Thus, the root of the problem does not lie in the actual determination of the remaining life, but rather the conformity of the Gutachterausschusse and the applying valuer, with the main deficit being on the board's side. (29) The shortcoming can partially be explained by a limited number of documented transactions and lack of time for appropriate evaluation as well as a manpower shortage in the boards of expert valuers. (30) As a remedy, a standardization of services and a comprehensive digital integration of the boards of expert valuers should be pursued. (31)

Theoretical Impact of Ground Value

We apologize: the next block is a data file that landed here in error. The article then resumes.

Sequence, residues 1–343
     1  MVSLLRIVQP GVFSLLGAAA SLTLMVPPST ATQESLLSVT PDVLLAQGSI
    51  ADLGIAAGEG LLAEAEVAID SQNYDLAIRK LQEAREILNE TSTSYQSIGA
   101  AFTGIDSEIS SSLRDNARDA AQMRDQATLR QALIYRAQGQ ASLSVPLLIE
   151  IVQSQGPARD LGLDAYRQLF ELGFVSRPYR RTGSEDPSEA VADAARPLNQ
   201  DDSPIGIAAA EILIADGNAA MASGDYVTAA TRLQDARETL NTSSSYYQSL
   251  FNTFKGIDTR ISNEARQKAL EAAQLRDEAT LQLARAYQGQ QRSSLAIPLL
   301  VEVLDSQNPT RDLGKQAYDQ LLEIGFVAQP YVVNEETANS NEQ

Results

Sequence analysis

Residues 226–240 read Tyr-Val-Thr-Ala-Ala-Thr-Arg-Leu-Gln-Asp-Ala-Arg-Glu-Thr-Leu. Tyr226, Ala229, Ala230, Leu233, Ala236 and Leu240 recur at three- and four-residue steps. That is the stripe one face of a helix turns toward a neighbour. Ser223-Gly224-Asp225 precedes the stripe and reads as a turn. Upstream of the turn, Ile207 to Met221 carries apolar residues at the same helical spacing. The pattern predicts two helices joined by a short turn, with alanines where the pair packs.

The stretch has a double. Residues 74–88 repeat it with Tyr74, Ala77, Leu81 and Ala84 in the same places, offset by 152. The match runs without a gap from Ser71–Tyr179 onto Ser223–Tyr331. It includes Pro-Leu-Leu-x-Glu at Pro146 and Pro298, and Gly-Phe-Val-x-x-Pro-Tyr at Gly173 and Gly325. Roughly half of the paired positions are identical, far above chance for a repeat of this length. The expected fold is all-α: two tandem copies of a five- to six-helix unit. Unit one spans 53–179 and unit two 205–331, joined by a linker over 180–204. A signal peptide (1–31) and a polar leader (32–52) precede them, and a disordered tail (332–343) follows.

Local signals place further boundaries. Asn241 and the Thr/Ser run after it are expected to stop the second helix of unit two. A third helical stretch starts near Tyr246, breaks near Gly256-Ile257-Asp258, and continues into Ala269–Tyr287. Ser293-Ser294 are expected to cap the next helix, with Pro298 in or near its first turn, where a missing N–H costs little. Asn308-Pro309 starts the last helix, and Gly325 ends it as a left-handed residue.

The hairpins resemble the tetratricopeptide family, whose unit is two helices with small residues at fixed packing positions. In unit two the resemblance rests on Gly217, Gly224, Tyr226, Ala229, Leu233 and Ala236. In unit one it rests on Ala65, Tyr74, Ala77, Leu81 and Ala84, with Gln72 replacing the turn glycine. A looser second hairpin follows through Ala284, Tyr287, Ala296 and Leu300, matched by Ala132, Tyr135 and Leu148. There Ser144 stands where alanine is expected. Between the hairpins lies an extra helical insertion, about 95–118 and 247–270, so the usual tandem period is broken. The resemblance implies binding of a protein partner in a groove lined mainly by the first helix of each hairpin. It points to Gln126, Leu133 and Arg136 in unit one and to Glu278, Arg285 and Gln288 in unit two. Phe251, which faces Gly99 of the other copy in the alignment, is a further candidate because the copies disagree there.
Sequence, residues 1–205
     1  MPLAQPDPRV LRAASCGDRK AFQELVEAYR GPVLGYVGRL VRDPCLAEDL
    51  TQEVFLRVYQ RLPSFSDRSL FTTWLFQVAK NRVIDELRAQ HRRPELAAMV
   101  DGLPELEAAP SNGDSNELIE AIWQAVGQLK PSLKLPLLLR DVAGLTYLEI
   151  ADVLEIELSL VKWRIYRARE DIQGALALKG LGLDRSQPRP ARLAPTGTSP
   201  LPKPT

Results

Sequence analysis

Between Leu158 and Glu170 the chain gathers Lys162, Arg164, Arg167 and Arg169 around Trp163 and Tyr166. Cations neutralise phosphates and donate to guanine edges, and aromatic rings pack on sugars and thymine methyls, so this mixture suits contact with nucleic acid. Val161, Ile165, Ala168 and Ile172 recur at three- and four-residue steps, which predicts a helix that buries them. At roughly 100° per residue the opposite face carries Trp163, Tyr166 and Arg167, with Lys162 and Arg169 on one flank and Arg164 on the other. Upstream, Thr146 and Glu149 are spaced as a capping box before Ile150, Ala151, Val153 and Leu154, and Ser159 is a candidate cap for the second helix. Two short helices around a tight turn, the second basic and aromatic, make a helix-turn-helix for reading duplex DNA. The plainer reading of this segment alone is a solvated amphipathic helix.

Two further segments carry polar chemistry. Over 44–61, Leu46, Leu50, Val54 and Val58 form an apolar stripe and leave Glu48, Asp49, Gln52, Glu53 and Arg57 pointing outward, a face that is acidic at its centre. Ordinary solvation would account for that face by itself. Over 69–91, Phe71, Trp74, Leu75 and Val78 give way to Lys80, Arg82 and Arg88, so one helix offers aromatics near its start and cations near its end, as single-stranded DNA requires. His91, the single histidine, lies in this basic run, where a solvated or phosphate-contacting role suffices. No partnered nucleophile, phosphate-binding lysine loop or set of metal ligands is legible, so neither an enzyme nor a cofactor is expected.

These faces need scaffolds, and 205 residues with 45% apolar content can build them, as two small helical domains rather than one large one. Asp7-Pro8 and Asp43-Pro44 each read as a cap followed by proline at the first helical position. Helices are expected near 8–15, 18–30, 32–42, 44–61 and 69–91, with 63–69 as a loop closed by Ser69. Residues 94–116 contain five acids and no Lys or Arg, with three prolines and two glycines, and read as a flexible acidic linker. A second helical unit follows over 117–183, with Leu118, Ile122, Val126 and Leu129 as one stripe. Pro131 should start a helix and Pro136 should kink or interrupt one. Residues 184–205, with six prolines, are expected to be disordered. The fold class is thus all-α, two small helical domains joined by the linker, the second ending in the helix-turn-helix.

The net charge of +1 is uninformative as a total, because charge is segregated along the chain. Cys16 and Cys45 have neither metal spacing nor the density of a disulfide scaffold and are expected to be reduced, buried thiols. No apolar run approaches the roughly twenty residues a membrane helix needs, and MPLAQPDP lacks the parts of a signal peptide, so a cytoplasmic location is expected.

The primary advantage of the integration of ground value into property valuation comes into play with short remaining-life periods and high proportions of ground value to total value. Conversely, the impact and error potential diminish for long remaining-life periods and adequate use of the property, which leads to a smaller quotient of ground value to total value. (32)

In British valuation, short remaining life is reflected in the valuation through adjusted yields or corresponding comparable properties. The individual adjustment musk however, implicitly consider the ground value components of the valued property as well as the transactions on which the yield is based. For a high ground value, the yield needs significantly less adjustment. This is because the main value driver--the ground--has an unlimited remaining life. Without explicit assumptions for ground value, as is most often the case in British and American property valuation, (33) the yield adjustments are not transparently reproducible. (34)